COMMENTARY | As if Oakland's roster hasn't been gutted enough by general manager Reggie McKenzie, the possibility of Carson Palmer leaving town is now inevitable.
Now, they've finally got him.
With Palmer unwilling to take a $3 million pay cut next season, and a new quarterback in town, McKenzie is almost sure to release him or trade him; a bold move when you consider Palmer was the only bright spot for an abysmal Raiders offense in 2012.
But cutting Palmer over $3 million doesn't seem like a good move, especially when you're trying to replace him with a quarterback who's only had one good game in his NFL career.
In six years as a pro, Flynn has only thrown for 1,083 yards and nine touchdowns. Let's not forget that 480 of those yards and six of those touchdowns came in a meaningless Week 17 game in 2011 against a Detroit Lions defense that was just awful.
Flynn's stock rose to great lengths after his six-touchdown performance, but he hasn't done anything close to that since.
Granted, he's been a backup his entire NFL career, so the Raiders are taking a gamble on a guy who has never flourished as a starter.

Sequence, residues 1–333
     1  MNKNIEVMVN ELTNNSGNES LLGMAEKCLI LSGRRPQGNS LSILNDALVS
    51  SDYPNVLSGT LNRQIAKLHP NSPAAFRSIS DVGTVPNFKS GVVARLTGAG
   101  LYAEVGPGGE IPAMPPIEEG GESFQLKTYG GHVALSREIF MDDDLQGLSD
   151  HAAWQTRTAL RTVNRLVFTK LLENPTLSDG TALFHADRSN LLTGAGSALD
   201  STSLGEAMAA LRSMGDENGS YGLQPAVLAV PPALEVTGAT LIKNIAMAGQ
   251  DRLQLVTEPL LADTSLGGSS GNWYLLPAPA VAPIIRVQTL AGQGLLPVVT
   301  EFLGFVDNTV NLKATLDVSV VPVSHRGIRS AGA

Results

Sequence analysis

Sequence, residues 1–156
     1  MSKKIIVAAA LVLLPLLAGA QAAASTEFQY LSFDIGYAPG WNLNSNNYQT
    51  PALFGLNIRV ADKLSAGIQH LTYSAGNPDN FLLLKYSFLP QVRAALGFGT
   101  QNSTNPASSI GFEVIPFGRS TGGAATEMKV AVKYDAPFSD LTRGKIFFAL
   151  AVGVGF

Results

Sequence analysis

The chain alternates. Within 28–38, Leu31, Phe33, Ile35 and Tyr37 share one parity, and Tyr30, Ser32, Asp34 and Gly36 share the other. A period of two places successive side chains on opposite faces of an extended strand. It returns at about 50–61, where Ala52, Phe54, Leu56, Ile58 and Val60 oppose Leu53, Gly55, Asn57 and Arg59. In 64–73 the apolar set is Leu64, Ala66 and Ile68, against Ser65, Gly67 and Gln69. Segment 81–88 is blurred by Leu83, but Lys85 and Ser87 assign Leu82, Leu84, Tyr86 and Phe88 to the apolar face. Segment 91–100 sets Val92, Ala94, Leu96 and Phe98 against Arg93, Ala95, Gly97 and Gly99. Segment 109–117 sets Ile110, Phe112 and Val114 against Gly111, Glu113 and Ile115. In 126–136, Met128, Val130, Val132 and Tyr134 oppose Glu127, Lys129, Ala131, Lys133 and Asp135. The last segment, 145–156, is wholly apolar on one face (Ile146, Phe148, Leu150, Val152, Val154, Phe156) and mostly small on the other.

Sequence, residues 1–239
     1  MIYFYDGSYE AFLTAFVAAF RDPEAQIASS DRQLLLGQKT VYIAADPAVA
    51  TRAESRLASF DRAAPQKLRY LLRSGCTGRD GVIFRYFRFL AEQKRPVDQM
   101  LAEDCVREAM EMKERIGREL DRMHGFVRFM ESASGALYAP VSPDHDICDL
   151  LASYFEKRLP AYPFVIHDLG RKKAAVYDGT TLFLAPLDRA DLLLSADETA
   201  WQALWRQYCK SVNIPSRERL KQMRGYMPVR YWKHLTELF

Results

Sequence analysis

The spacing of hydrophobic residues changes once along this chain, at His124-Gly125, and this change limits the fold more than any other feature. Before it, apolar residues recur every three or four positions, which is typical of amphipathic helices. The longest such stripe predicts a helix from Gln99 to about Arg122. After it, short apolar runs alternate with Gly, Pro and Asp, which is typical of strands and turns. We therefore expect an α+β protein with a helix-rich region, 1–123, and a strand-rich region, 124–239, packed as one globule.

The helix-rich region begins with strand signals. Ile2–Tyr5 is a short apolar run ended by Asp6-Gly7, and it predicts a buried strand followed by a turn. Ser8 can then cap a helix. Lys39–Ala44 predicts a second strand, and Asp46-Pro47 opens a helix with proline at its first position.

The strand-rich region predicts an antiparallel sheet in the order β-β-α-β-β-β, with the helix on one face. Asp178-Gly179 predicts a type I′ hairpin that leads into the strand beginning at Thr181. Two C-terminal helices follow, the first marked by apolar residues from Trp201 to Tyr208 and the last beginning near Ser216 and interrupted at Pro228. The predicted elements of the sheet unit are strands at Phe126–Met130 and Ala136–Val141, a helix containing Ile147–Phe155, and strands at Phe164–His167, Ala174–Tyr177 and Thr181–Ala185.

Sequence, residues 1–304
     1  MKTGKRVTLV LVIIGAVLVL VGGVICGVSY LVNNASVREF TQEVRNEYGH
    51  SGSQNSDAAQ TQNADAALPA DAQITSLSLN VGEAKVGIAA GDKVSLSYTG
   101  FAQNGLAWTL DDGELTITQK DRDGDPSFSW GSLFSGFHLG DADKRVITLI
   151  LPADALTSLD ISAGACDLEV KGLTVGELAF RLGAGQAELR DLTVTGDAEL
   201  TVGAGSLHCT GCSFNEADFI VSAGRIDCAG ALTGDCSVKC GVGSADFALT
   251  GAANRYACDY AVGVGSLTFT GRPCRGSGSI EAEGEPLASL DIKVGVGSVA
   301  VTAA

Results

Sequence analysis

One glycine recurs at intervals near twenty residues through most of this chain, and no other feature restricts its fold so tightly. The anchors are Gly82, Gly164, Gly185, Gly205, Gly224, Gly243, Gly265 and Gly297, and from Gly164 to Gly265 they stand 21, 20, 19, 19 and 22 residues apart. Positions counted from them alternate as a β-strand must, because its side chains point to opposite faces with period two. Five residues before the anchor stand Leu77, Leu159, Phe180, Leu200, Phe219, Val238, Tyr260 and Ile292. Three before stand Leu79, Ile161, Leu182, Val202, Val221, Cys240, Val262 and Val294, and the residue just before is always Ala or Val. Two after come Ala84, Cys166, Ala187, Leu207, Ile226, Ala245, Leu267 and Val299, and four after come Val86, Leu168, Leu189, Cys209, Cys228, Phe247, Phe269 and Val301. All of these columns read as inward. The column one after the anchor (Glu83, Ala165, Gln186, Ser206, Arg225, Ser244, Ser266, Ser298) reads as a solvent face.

As for Palmer, the Raiders can't be upset with him for not wanting to take a pay cut.
He was the only reason the offense wasn't completely laughable last year, and he already took a pay cut before the beginning of last season.
Now they want him to take another one?
As paper thin and slashed as this roster already is, it doesn't make sense to give up even more draft picks and pile up even more dead money for a quarterback who has always been a backup.
Palmer may not be the quarterback of the future, but he's proven he can be serviceable.
Just to clarify, serviceable isn't worth $13 million, but it's a lot better than $9.3 million in dead money and even more lost draft picks.
Steven Slivka is a Featured Columnist for the Oakland Raiders. You can follow him on Twitter @stevenslivka.
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